And lastly if you are ill, just rest take a break.


According to WebMD Stress can Manifest itself in the following way:
https://www.webmd.com/balance/stress-management/stress-symptoms-effects_of-stress-on-the-body#2

Physical symptoms of stress include:
Nervousness and shaking, ringing in the ear, cold or sweaty hands and feet
Upset stomach, including diarrhea, constipation, and nausea
Clenched jaw and grinding teeth
Dry mouth and difficulty swallowing/talking
Aches, pains, and tense muscles
Chest pain and rapid heartbeat
Insomnia
Frequent colds and infections
Loss of sexual desire and/or ability
Low energy
Headaches

Emotional symptoms of stress include:
Becoming easily agitated, frustrated, and moody
Feeling overwhelmed, like you are losing control or need to take control
Having difficulty relaxing and quieting your mind
Feeling bad about yourself (low self-esteem), lonely, worthless, and depressed
Avoiding others

Cognitive symptoms of stress include:
Constant worrying
Racing thoughts
Forgetfulness and disorganization
Inability to focus
Poor judgment
Being pessimistic or seeing only the negative side

Behavioral symptoms of stress include:
Changes in appetite -- either not eating or eating too much
Procrastinating and avoiding responsibilities
Increased use of alcohol, drugs, or cigarettes
Exhibiting more nervous behaviors, such as nail biting, fidgeting, and pacing

What Are the Consequences of Long-Term Stress?
Mental health problems, such as depression, anxiety, and personality disorders
Cardiovascular disease, including heart disease, high blood pressure, abnormal heart rhythms, heart attacks, and stroke
Obesity and other eating disorders
Menstrual problems
Sexual dysfunction, such as impotence and premature ejaculation in men and loss of sexual desire in both men and women
Skin and hair problems, such as acne, psoriasis, and eczema, and permanent hair loss
Gastrointestinal problems, such as GERD, gastritis, ulcerative colitis, and irritable colon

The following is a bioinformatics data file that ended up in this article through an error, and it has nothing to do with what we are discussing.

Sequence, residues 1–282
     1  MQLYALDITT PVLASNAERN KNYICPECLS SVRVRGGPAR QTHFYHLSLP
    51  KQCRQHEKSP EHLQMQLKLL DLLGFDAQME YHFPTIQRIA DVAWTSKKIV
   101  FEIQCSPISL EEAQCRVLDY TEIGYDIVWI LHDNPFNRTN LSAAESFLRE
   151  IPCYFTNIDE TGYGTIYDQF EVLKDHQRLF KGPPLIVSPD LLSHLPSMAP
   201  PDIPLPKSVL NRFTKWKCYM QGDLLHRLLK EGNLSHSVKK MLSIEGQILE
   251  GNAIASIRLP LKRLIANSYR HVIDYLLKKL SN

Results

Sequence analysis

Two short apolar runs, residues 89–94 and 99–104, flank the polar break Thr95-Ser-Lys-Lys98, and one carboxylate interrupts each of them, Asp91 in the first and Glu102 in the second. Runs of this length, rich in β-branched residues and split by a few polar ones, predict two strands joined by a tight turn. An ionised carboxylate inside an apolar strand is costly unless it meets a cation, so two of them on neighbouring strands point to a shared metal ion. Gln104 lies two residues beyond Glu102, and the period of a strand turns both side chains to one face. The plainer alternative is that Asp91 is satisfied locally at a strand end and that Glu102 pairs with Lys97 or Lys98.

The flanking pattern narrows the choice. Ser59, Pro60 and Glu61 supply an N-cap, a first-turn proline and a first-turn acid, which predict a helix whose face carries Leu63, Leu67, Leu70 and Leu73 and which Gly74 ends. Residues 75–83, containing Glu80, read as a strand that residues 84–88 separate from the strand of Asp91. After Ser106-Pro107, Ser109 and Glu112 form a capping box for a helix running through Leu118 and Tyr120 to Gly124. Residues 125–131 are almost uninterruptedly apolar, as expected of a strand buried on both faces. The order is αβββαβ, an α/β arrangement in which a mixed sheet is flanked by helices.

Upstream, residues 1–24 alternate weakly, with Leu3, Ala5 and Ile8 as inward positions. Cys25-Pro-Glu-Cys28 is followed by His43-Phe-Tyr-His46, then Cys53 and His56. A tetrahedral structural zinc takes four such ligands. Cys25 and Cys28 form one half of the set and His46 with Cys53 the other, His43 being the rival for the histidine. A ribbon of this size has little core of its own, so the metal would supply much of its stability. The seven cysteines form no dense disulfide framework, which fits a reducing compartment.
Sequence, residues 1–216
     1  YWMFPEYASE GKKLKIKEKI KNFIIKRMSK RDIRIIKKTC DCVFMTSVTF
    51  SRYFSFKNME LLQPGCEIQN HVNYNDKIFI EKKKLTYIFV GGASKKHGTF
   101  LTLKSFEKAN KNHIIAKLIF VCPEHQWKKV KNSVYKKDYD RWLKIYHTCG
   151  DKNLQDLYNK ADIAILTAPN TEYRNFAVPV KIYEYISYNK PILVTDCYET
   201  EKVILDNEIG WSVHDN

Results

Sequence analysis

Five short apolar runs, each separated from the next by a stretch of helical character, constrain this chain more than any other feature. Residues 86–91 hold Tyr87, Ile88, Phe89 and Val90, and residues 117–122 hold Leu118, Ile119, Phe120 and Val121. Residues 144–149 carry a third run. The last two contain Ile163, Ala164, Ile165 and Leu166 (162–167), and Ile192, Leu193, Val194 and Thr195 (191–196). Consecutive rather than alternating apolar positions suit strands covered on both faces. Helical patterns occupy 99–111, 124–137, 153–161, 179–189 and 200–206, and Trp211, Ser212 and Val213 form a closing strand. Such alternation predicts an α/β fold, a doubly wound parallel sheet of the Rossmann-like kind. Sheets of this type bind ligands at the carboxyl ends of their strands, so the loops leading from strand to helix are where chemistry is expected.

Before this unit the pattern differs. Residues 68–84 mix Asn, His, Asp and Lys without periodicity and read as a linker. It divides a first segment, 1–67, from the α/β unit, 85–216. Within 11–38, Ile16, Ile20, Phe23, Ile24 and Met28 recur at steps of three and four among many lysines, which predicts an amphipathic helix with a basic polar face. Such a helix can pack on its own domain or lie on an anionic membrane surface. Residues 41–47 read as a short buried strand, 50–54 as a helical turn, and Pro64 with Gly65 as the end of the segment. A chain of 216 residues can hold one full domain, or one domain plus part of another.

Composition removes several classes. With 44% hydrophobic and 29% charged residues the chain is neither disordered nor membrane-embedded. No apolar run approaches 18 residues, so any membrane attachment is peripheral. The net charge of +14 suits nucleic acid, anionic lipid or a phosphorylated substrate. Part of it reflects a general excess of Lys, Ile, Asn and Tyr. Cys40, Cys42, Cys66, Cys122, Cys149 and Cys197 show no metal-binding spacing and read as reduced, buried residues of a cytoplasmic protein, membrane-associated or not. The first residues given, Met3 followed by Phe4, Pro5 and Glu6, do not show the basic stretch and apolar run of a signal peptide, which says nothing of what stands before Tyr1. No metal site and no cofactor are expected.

Lucrecia Anderson
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One more thought, in the adult world the vast majority of healthy functional individuals compartmentalize their grief.  When folks have jobs, kids to care for, animals to care, relationships to maintain etc.... crying much of the day for an extended period of time is simply not an option. Compartmentalizing means controlling one's thoughts to prevent or delay emotional meltdowns.

It isn't a product of modern  society, it is an evolutionary tactic for the survival of the species since our ancestors suffered loss and grief on a frequent basis and often on a huge scale, and those that couldn't compartmentalize and remain functional didn't successfully pass their genes on.

Of course some individuals are incapable of compartmentalizing, and that is unfortunate, however if some environments (i.e. Universities) are actually encouraging people to not compartmentalize they are doing a disservice to their students.
 
master pollinator
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Agreed. The paleolithic warrior or hunter who wasn't able to compartmentalise their freakout, or to choose fight rather than flight, when faced with a hostile animal or person, wouldn't likely be able to pass their genes down the ages. They'd be too busy being dead to either procreate or to ensure the survival of offspring.

My anxiety reaction is quite simple; I stop exhaling completely due to core muscle tension, leaving spent air in my lungs, which precluded taking in normal breaths. It used to create a feedback loop wherein I would become anxious, sometimes about something as simple as not being able to catch my breath, and that would make me more anxious. Before I figured this out, I could literally pass out from hypoxia because I was breathing in gasps.